Dairy Farmers, Custom Raisers, Academia to Talk The First 60 Days’
Jessica Rose Spangler
For the first time in the 15-year history of the Dairy Calf & Heifer Association, Pennsylvania calf raisers, as well as those from across the nation, can attend their conference without traveling to the Midwest — it’s coming to Lancaster, Pa., April 4-5.
Dairy farmers and custom calf raisers alike are invited to attend the two-day convention themed “Gold Standards: The First 60 Days.” The convention will be at the Lancaster County Convention Center in downtown Lancaster city.
“There’s just a broad spectrum of, frankly, top notch experts from across the U.S. that are well-known for the first 60 days,” said convention chair Lane Sollenberger. Sollenberger is the manager of Dream Farms in Newburg, Pa., a custom heifer raising facility.
“I really want to emphasize that DCHA isn’t just for contract raisers, which only raise a small percentage of calves,” he continued. “We want dairymen to be right there and learn alongside contract grazers.”
This year’s annual convention is going to focus on the raising of a calf during the first 60 days of life, emphasizing the Gold Standards DCHA has set.
“The standards were developed by a team of producers, contract growers, consultants and industry representatives who surveyed producers, DCHA members and university specialists across the United States. ... As an industry association, it is essential for DCHA to step up and advocate for management practices and performance measures that will drive success in the dairy industry,” reads the organization website, www.calfandheifer.org.
Besides multiple conference breakout sessions with academia and industry professionals, a “wet lab” demonstration will be held Friday morning for all attendees to see. Though not necessarily a “wet” lab this year, the demonstration is titled “Air Quality and Water Bacteria in Pens.”
“Basically we’re bringing in equipment to show what can be done — measure air quality in barns, in pens, to see how good your ventilation is. You can have a barn that’s 150-feet long, but because of how it’s built, the air quality might be different throughout,” Sollenberger said.
“We’re also bringing in a new toy’ for measuring bacteria,” he continued. “For instance, if you’re feeding water out of an old garden hose, the cracks in the hose can have huge amounts of bacteria. You can swab calf buckets, check heifer waters, the list is endless.”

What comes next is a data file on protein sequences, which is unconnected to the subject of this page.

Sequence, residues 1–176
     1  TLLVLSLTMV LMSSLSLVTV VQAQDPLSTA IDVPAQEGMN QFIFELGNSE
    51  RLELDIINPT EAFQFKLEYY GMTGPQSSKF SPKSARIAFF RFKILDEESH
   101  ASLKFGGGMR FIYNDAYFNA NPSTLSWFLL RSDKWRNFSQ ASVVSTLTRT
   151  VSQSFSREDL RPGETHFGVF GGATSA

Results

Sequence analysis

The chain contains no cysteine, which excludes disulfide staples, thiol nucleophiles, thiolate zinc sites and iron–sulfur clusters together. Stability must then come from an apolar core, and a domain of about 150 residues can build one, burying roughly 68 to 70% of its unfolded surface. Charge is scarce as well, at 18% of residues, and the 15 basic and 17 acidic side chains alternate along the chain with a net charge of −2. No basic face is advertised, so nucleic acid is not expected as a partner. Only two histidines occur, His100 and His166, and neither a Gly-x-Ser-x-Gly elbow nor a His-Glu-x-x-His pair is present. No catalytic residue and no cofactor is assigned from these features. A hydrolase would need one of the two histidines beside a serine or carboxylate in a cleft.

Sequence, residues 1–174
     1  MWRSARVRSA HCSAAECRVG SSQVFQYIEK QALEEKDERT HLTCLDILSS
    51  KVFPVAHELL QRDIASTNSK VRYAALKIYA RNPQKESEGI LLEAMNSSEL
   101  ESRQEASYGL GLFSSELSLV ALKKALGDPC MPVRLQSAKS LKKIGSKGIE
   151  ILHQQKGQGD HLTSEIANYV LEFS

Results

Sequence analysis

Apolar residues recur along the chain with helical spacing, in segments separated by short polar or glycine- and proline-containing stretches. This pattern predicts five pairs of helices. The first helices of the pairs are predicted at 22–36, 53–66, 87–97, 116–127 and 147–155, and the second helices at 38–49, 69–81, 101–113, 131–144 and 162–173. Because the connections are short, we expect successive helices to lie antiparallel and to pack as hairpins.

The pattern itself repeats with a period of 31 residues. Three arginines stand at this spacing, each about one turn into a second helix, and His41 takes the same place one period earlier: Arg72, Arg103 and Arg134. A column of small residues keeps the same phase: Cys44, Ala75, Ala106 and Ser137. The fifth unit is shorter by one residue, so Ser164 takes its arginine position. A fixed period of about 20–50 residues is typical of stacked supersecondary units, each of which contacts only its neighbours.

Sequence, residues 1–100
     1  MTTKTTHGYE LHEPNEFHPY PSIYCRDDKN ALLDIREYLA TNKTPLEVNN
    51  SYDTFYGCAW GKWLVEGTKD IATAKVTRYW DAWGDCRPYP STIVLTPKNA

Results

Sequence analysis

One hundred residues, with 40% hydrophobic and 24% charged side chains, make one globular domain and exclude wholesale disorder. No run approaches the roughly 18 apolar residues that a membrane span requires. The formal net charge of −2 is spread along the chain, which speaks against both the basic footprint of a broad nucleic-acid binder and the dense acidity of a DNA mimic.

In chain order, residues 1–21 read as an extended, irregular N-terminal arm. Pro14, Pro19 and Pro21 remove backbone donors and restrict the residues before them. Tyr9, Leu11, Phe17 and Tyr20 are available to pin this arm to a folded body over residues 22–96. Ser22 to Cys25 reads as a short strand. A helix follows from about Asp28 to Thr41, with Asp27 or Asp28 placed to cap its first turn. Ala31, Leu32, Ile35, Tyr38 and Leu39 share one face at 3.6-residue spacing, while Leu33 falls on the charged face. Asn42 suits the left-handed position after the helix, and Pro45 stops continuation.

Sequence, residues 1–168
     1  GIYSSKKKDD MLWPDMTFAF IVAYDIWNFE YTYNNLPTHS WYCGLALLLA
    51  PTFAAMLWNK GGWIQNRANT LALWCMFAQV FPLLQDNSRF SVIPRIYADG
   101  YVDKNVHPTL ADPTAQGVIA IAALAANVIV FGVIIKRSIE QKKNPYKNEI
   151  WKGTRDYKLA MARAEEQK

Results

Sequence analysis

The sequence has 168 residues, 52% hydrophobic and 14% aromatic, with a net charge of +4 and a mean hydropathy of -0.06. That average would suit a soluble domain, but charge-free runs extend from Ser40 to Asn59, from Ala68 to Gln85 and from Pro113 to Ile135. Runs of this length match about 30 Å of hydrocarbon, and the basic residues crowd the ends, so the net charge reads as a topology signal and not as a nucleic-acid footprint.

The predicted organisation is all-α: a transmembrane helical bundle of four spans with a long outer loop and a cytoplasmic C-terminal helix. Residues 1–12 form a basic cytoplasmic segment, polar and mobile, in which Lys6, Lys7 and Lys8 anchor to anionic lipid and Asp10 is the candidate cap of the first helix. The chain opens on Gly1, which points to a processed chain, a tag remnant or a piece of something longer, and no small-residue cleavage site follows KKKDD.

Additionally, attendees will hear Dr. Gregory Edwards, of Zoetis (formally Pfizer), speak on what farmers need to know concerning Food and Drug Administration regulations, specifically antibiotic residue in milk and meat.
Sollenberger pointed out that one key area Edwards will focus on is the labeling of antibiotics: “In the first 60 days, calves are called non-ruminants. You need to look at labels to see meat withdrawal times, which usually aren’t established for non-ruminants.
“We’re also going to talk a lot about what’s expected in terms of records if the FDA comes knocking at your door,” he continued. “What do you do if you’re caught with meat or milk residue? The new penalties are substantial and there’s new levels of compliance.”
Sollenberger pointed out that DCHA does not specifically offer help to producers in the aforementioned circumstances, but “for instance, (Zoetis) does have a compliance division.”
For more information about the conference, including details about the breakout sessions, visit the Dairy Calf & Heifer Association’s website www.calfandheifer.org.
To register for the DCHA annual conference, visit their website, www.calfandheifer.org. In the “conference” drop-down menu, click on the “2013 conference,” and once the page opens, click on the blue “registration” button. For those without Internet access, or for more information, call 877-HEIFERS.